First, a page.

All Work and All Play
Sometimes a good design idea can inspire an even better one. That’s what happened for New York–based designer Stephen Burks. He first exhibited a table-system prototype at the International Contemporary Furniture Fair in 1998. While working on it, he tried to find a way to integrate varying functions into the table and came up with a number of repositionable accessories for the tabletop. Burks had also been creating office systems for Herman Miller Red before the division folded. When an opportunity to collaborate with Japanese design company E+Y (www.eandy.com) arose, Burks continued to develop his table-system concept to incorporate shelving. Metropolis spoke to Burks about the resulting design, Workstation, from his studio.
The system is shipped in a flat pack and can be assembled easily in about 15 minutes.
It’s called Workstation because it’s not just shelving; it’s a complete office in one unit. I played around with names like Options Office and Elements, but Workstation stuck.
The system can be free-floating instead of flat against the wall. All of the accessories are double-sided so you can put them on one side or the other.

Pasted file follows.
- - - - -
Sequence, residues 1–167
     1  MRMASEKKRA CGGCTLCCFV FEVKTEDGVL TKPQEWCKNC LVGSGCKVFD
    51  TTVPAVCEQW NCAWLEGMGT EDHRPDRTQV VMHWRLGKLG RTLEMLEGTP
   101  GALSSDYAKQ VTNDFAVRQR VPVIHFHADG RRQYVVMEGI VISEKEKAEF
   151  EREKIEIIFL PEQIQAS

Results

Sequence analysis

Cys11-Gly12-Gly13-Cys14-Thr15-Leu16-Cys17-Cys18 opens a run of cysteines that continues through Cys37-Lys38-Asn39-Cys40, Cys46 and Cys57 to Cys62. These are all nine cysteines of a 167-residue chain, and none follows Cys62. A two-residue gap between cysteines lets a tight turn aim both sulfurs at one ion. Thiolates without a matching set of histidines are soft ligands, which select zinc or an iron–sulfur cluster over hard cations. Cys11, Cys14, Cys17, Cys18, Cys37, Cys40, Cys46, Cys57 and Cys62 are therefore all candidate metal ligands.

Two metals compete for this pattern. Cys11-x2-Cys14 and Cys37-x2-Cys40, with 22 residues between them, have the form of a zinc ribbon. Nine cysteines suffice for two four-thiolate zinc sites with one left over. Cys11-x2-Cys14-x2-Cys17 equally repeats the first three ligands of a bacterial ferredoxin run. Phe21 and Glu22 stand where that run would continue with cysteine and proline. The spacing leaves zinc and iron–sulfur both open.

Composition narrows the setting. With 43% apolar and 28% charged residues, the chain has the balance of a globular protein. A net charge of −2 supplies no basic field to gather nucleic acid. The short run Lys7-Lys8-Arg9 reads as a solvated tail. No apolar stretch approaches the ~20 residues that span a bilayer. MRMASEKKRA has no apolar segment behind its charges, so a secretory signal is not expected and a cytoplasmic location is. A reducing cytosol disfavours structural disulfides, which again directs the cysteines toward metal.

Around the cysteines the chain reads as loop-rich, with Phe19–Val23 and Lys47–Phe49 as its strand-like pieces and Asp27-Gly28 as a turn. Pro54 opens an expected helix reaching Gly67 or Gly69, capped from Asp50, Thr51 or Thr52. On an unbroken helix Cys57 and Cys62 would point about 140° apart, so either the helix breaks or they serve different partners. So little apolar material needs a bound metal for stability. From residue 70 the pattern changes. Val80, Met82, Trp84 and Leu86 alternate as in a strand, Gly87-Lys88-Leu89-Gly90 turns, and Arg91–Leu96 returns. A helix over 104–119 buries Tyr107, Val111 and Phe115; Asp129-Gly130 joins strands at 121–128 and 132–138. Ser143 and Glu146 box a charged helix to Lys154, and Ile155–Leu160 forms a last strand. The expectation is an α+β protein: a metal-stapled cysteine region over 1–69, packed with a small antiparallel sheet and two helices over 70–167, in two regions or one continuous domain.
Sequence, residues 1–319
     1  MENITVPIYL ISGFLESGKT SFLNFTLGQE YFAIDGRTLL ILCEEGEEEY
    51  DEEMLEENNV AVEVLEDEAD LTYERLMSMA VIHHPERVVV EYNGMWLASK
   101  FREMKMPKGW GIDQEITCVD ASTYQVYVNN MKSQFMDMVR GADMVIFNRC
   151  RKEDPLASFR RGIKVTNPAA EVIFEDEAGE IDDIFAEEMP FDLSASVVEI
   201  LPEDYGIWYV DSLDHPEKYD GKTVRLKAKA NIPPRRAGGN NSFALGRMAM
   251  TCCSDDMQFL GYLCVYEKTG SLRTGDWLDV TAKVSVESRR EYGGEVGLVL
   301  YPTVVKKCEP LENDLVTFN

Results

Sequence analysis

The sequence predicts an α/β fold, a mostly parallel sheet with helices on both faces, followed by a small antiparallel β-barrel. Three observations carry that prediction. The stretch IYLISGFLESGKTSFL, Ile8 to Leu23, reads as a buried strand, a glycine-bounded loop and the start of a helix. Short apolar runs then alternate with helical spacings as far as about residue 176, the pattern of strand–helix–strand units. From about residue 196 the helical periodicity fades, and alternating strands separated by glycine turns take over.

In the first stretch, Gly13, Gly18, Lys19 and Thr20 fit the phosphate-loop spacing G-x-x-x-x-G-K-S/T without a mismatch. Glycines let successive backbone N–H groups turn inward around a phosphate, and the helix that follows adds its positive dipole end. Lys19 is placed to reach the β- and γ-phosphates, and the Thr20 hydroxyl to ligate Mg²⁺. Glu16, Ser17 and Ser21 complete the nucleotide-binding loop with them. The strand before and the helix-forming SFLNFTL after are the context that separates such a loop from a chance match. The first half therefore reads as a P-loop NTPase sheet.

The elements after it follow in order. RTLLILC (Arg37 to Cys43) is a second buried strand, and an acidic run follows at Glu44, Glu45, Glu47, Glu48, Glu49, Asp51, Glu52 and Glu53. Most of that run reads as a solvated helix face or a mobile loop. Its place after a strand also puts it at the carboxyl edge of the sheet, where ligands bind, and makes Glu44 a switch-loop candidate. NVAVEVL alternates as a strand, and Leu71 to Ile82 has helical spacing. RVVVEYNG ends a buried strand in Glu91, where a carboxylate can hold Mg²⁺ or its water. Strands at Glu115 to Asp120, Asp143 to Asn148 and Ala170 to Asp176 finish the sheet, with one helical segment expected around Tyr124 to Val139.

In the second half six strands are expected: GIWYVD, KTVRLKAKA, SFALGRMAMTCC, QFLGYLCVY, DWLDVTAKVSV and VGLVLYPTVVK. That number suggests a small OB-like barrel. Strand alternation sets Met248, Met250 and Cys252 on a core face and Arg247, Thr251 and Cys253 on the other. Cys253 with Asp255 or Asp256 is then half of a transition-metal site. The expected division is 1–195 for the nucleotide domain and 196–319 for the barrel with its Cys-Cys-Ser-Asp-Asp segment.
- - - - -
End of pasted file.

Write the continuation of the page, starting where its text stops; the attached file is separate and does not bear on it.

The uprights are made of steel tubing, the accessories are powder-coated steel, and the white shelves and desktops are laminated plywood. The accessories are available in three different colors: white, orange, and navy.
Because you’re mounting accessories on the underside of the shelf, having each avoid the structure was a big challenge. Another issue was creating the appropriate pattern of inserts on the underside of the shelf to give people optimum flexibility. To solve this, all the accessories have a laser-cut slot in the top so they fit over the structural frame and don’t get in the way of one another. This was unlike the initial prototype, where we tried to offset the structure from the center of the piece using a cross-tension cable to stabilize it.
The Japanese steel fabricating and engineering factory Iwasaki, in Osaka, is really great at forming steel tubing. They were able to reinforce the frame underneath the shelves. Ultimately the two end-pieces of the tubular frame get structurally welded together, and then the frame is attached to the shelf.
Today we use shelving for just about everything; and in small spaces, you want to go vertical with things. In designing a typical shelf, you don’t have the opportunity to use the surface because you want to put different kinds of things there, like books and magazines. I had the idea of mounting the accessories to the underside of the shelf, so the system includes bookends, a CD rack, a small appliance rack for stereo or hi-fi, and a wine rack.